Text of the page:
“I can’t name another institution who made an investment in me the way Susquehanna did,” says Gerohn Lanns ’04, a partner at Ernst & Young and member of the university’s Board of Trustees.

Thanks to the Richard Green Memorial Scholarship, a resident advisor position and summer jobs, Gerohn was able to graduate from SU debt-free. His two sisters, Marhja ’03 and Cherysse ’06, also attended and received scholarship support.

The source of student support isn’t singular, however. Generous alumni and friends also help students afford learning experiences such as study abroad, internships and research opportunities, and their philanthropy guarantees Susquehanna’s ability to enroll students of great potential — who bring with them a wide range of life experiences and social and cultural backgrounds. 

The New York Times ranked Susquehanna as having the 9th most economically diverse student body in the nation. According to Green, “Susquehanna is not an institution of students born on third base, it is a living and learning community representing the breadth of socioeconomic backgrounds and experiences.”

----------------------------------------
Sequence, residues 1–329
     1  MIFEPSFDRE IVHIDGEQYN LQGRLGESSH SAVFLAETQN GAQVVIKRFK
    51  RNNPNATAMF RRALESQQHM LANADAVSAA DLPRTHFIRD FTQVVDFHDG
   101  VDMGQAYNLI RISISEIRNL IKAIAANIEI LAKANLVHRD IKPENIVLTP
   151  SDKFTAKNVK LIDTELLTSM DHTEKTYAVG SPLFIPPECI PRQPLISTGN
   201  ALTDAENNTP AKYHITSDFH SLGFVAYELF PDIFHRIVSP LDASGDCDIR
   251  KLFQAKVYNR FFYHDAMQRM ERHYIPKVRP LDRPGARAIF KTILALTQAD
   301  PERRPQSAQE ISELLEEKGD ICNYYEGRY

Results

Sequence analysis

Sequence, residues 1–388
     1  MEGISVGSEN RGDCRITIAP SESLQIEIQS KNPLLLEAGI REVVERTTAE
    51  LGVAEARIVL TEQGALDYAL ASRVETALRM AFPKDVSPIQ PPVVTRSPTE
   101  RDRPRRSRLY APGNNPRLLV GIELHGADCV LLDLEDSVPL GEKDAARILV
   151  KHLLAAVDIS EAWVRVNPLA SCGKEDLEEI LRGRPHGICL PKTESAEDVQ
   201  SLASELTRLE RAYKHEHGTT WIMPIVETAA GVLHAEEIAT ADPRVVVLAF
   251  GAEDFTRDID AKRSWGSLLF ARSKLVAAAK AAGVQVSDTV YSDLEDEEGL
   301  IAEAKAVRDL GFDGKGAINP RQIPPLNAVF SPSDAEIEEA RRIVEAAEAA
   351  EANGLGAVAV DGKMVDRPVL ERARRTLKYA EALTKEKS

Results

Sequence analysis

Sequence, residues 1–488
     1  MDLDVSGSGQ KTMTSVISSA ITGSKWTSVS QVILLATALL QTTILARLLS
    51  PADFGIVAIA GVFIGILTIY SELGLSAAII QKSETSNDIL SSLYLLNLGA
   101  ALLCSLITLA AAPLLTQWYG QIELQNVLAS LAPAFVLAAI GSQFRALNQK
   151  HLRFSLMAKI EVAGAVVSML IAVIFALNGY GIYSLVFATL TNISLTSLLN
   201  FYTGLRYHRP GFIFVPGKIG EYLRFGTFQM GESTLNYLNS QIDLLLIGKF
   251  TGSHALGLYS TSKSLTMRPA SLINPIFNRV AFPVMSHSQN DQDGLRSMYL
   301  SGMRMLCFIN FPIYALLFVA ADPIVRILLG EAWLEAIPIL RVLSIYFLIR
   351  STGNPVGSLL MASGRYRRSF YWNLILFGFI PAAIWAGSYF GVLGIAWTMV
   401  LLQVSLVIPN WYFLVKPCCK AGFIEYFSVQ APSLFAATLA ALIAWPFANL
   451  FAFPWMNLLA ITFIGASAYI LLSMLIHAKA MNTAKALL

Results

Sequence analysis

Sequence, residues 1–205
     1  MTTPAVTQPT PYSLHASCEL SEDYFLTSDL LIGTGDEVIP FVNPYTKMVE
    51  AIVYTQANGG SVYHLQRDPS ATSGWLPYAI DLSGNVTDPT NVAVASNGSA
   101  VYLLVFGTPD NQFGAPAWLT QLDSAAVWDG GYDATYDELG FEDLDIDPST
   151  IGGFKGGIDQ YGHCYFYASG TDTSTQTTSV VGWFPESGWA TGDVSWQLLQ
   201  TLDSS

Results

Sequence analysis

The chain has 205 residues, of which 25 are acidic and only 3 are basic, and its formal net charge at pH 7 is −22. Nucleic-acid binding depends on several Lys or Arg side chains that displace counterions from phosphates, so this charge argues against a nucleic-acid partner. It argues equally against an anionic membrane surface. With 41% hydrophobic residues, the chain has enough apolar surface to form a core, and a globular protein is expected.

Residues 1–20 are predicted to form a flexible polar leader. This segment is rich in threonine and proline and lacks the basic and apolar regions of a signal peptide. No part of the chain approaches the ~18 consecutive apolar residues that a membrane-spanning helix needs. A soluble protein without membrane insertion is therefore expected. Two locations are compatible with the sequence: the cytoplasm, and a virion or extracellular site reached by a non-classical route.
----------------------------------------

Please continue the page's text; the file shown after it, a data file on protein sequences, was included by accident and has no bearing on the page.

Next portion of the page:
“The message I took from my scholarship was, ‘We believe in you and your abilities,’” says Daniel Yim ’20. “The Jack E. Cisney Scholarship started a domino effect that allowed me to take part in many opportunities that wouldn’t have been possible otherwise, and to grow as a student and businessman.”

Yim spent a semester in Japan, traveled to Stanford University as an Innovation Fellow and later received assistance from the Sigmund Weis School of Business’s Eric Stein Fund for International Experience to pursue a marketing and operations internship with Doongle, Inc. in Seoul, South Korea.